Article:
Nanostructured Organic Semiconductors <i>via</i> Directed Supramolecular Assembly
2010-05-25T00:00:00Z (GMT) by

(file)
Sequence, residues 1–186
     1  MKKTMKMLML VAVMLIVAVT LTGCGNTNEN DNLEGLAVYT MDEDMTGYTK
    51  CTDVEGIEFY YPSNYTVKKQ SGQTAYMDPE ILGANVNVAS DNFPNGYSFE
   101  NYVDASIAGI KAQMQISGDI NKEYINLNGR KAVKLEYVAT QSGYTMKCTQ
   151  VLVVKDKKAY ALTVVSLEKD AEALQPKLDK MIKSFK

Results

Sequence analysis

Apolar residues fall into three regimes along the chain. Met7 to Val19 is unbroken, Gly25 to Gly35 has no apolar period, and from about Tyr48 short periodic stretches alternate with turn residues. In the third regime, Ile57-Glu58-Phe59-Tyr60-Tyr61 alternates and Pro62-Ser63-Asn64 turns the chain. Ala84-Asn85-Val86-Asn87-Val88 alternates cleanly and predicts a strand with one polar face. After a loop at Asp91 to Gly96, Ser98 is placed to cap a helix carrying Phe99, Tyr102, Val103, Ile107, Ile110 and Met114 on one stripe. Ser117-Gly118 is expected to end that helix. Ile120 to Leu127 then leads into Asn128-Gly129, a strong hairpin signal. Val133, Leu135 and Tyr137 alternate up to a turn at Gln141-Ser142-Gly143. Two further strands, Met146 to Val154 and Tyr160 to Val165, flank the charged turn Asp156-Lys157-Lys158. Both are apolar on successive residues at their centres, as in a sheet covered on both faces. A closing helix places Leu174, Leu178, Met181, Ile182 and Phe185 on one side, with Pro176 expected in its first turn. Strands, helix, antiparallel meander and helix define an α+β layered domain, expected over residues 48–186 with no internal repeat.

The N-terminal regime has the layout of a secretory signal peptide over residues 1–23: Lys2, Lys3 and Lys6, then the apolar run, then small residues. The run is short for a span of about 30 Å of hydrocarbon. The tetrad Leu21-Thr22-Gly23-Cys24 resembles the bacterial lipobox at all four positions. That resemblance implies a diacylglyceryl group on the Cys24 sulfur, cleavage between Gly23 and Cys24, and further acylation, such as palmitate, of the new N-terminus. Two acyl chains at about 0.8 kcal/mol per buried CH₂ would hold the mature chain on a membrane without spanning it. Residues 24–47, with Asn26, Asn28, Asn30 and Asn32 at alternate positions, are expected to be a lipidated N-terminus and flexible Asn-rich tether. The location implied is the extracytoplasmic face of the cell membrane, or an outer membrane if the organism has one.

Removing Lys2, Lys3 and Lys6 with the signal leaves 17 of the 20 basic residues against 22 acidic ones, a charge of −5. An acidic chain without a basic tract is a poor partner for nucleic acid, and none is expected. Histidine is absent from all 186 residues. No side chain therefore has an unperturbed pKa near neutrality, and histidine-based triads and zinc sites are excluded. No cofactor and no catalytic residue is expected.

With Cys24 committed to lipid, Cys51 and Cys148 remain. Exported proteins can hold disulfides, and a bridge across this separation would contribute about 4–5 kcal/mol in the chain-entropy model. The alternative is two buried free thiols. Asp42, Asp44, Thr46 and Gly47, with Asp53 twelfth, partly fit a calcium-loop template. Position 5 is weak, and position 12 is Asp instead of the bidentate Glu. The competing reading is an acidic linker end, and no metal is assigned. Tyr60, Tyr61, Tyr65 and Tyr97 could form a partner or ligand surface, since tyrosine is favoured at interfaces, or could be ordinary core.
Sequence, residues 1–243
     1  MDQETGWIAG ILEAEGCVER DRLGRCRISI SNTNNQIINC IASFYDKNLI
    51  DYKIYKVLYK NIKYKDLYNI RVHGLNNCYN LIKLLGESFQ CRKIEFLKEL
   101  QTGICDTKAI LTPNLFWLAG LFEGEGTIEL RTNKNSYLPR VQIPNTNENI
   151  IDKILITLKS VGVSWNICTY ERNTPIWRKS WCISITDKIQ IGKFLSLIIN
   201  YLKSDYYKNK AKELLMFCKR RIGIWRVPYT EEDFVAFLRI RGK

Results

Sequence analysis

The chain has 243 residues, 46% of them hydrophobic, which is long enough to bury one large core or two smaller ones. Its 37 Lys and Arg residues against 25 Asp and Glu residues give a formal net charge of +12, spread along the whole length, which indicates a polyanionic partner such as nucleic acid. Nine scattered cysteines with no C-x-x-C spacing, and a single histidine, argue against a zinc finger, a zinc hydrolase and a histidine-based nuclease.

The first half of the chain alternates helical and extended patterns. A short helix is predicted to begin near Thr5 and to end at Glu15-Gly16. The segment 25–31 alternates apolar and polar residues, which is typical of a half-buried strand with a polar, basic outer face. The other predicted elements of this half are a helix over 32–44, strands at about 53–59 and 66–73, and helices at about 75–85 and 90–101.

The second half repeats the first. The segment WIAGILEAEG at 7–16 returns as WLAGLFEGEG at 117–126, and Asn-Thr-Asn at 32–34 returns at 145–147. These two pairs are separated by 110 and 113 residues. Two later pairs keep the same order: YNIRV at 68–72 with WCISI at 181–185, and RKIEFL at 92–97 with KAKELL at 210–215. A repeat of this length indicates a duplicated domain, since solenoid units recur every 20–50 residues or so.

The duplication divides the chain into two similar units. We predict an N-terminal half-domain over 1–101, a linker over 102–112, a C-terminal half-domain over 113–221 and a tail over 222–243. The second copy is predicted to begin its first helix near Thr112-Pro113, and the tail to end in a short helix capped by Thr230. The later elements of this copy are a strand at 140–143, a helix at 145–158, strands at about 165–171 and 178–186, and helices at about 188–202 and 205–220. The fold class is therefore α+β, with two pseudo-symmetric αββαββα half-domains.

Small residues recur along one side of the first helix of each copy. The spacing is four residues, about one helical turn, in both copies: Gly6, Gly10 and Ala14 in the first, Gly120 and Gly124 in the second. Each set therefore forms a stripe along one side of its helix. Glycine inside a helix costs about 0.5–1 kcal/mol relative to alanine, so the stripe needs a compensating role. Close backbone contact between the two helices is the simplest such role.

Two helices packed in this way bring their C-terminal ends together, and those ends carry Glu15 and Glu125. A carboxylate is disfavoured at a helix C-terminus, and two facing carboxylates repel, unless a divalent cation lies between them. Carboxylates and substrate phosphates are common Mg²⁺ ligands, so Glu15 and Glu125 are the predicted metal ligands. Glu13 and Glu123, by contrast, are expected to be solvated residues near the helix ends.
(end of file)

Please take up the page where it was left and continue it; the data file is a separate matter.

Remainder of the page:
Organic small molecule semiconductors have many advantages over their polymer analogues. However, to fabricate organic semiconductor-based devices using solution processing, it is requisite to eliminate dewetting to ensure film uniformity and desirable to assemble nanoscopic features with tailored macroscopic alignment without compromising their electronic properties. To this end, we present a modular supramolecular approach. A quaterthiophene organic semiconductor is attached to the side chains of poly(4-vinylpyridine) <i>via</i> noncovalent hydrogen bonds to form supramolecular assemblies that act as p-type semiconductors in field-effect transistors. In thin films, the quaterthiophenes can be readily assembled into microdomains, tens of nanometers in size, oriented normal to the surface. The supramolecules exhibited the same field-effect mobilities as that of the quaterthiophene alone (10<sup>−4</sup> cm<sup>2</sup>/(V·s)). Since the organic semiconductors can be readily substituted, this modular supramolecular approach is a viable method for the fabrication of functional, nanostructured organic semiconductor films using solution processing.